The practical applicability of AI

Carl Austin, Chief Technology Officer at BJSS, explains why businesses need to get up to speed with artificial intelligence, sooner rather than later.

Machine learning and cognitive computing are on track to become some of the most widely applicable technological movements we have ever seen. Together, they are set to be primary drivers of the fourth industrial revolution and will cause social revolution on a global scale. Individuals and organisations must begin preparing for this eventuality.

During the digital revolution, those who were slow to adopt, or those who eschewed the internet, suffered severely because of their indecisiveness. Since then, lessons have been learnt, and, more than ever before, society has become aware of the effect of technological change. We can easily see this technological revolution unfolding around us, and its advances are likely to occur at a surprising rate. Now is the time to educate, to consider how the applications of AI impact business, to experiment, and to understand how AI should be effectively progressed into production.

This does not mean retraining to become a data scientist. But at the very least, organisations should learn about the practical applicability of AI. This is especially important for business leaders, many of whom don’t have the appropriate knowledge to effectively identify applicability to their business. More importantly, this knowledge provides leaders with visibility into how technology advances will change their operating market, as well as the impact their employers, clients and competitors.

Organisations that fail to understand the impact of AI - regardless of industry sector - risk going out of business.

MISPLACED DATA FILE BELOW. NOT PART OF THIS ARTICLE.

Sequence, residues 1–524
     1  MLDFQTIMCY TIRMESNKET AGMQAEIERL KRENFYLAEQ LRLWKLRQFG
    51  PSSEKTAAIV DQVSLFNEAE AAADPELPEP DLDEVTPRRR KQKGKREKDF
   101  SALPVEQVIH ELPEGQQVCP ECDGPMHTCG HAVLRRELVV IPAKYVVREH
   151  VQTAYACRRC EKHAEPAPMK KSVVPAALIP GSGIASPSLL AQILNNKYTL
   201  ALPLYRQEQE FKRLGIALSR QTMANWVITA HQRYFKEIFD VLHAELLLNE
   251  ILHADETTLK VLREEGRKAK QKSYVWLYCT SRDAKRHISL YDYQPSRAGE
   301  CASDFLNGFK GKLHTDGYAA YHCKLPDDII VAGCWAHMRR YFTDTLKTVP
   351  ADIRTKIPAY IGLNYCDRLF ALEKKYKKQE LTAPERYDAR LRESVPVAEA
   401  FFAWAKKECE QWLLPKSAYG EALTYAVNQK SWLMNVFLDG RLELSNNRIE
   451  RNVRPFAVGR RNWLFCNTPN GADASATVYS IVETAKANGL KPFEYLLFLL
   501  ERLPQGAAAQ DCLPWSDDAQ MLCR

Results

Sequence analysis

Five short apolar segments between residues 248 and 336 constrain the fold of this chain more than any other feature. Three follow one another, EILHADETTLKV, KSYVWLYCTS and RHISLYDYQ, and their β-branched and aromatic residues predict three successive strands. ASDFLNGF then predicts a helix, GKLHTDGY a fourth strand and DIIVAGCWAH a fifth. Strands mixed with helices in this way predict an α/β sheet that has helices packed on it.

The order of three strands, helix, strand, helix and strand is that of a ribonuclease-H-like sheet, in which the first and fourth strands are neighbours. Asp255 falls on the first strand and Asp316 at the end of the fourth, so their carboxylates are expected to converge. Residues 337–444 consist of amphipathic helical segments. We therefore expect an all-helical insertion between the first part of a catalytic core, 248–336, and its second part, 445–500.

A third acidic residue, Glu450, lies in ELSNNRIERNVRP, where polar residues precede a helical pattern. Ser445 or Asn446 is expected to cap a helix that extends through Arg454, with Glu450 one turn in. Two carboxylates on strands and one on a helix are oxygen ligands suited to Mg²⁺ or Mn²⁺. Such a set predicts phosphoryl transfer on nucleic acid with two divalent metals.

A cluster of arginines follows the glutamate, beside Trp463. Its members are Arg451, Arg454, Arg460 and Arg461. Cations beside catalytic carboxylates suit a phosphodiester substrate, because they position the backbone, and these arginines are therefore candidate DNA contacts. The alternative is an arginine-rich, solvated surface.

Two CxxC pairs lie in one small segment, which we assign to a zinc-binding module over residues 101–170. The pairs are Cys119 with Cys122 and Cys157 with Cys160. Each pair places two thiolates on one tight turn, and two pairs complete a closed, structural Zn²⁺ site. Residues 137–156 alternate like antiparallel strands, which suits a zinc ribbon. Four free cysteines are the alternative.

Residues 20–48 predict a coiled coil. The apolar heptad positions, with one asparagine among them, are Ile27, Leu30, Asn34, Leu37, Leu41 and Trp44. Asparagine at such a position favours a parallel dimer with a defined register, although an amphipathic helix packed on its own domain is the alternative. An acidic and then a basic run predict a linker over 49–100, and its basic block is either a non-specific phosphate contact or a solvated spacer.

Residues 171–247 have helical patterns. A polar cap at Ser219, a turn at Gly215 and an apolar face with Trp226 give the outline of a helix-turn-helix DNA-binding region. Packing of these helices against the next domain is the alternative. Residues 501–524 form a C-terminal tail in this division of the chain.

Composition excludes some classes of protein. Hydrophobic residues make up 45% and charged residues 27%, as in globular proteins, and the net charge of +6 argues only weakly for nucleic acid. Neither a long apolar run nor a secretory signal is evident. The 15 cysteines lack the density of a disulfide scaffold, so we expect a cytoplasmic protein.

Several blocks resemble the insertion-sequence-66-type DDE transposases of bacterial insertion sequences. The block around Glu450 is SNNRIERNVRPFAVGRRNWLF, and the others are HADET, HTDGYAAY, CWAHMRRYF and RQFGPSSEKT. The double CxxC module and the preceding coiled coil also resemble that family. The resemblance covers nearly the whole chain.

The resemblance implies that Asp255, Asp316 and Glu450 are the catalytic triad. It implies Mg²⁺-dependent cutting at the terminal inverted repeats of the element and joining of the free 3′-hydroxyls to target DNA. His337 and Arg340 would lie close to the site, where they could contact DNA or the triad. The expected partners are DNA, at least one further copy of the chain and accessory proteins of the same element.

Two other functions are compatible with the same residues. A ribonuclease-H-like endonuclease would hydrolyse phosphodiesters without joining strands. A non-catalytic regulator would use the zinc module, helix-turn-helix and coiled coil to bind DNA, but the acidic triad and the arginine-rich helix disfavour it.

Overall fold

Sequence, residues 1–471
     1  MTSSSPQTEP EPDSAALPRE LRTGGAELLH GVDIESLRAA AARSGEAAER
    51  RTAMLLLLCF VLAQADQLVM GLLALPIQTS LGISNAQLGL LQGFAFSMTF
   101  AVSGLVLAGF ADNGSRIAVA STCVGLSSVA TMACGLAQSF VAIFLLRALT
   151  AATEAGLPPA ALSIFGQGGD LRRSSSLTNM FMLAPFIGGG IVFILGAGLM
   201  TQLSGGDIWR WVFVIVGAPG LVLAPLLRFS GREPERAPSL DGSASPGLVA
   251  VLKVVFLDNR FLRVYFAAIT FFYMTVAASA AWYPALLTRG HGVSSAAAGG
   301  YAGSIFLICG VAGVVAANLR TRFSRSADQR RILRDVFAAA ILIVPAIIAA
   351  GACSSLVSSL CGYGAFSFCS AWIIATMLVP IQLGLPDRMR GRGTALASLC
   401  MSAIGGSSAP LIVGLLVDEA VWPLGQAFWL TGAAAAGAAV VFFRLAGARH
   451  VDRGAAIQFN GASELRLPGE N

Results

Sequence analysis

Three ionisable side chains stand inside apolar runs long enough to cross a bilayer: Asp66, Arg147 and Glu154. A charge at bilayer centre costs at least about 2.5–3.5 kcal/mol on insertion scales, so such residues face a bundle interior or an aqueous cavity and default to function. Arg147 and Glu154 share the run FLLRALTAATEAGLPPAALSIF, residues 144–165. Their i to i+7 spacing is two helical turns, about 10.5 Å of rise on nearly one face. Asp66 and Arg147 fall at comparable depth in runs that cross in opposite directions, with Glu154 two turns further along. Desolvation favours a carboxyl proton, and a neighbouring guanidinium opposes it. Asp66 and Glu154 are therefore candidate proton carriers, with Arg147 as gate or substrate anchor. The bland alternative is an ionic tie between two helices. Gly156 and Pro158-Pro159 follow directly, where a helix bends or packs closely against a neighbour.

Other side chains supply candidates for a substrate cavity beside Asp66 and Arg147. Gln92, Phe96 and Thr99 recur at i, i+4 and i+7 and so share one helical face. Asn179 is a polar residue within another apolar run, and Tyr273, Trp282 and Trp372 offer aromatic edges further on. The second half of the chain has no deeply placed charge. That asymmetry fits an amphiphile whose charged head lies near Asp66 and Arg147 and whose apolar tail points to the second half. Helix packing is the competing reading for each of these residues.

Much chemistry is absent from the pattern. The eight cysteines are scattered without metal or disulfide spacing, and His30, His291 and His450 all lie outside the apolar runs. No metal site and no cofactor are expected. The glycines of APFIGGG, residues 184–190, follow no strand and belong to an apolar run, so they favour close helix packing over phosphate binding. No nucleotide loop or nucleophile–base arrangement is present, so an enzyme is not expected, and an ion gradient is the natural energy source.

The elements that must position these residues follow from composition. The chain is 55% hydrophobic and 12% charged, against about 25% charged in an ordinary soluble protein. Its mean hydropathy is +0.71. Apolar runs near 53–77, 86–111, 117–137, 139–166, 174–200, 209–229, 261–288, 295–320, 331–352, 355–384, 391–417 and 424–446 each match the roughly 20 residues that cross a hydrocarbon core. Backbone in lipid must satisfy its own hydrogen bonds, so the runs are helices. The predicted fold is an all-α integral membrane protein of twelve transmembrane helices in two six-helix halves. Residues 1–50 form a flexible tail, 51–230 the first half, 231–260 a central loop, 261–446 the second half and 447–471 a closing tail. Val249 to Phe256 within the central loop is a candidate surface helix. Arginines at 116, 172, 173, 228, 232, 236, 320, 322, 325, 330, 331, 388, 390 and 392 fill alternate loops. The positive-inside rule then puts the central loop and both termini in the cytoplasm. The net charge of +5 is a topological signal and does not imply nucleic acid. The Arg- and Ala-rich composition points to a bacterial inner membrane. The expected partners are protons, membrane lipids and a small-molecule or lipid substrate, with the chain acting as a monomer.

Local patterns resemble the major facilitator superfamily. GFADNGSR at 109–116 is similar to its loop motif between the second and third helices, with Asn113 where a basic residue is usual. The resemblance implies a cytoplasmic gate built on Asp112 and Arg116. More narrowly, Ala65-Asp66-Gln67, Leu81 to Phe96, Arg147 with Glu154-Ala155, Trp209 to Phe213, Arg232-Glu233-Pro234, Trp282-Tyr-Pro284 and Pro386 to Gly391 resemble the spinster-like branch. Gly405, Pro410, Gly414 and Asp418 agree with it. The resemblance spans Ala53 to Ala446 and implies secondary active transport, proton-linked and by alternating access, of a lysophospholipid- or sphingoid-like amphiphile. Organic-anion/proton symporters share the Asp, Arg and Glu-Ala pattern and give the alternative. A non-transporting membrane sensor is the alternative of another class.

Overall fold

Experimentation should be a fail fast, no regrets undertaking, fed by hypotheses from across the business. While machine learning often requires a significant amount of data, leaders should not delay experimentation because their data is unclean and fragmented. Instead, an experimentation capability that is empowered to obtain data from across the business should be formed.

This capability should be able to utilise the tools they feel most comfortable with, enabling them to try new technologies and approaches. The major public cloud platforms offer an excellent environment for this with ephemeral compute and tools like Azure ML Workbench and AWS SageMaker, alongside a raft of excellent pay-per-use APIs. These tools have also been designed with the data science process in mind, building in the ability to promote production more simply.

Opportunities should be created for development and experimentation teams to work together. This exposes engineers to the data science process and data scientists to engineering rigour - an area of common complaint when progressing to phases beyond experimentation.

Those already experimenting with AI are discovering a vast range of potentially valuable applications. Unfortunately, in many cases, their ability to prove these out in production is limited by enforced dependency on slow-moving enterprise-wide initiatives; data and cloud strategy and data lake programmes, for example. Businesses should be cautious when undertaking such initiatives, particularly when it comes to the manner of their implementation and enforcement. The same can be said of poorly delivered cloud strategies that are simply ‘worked around’, thereby increasing security risk, among other issues. Removing these dependencies until the appropriate point is key to demonstrating the value of AI in production environments.

The progress of AI and its effect on society is exciting, but a measured approach is required. While many forward-looking organisations are already experimenting with AI, it is crucial that they do not create a backlog of successful experiments that cannot progress. They can achieve this by expanding their views and modifying their approach beyond experimentation. Those organisations which succeed in doing so will benefit greatly at the expense of those who do not.

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February 2018
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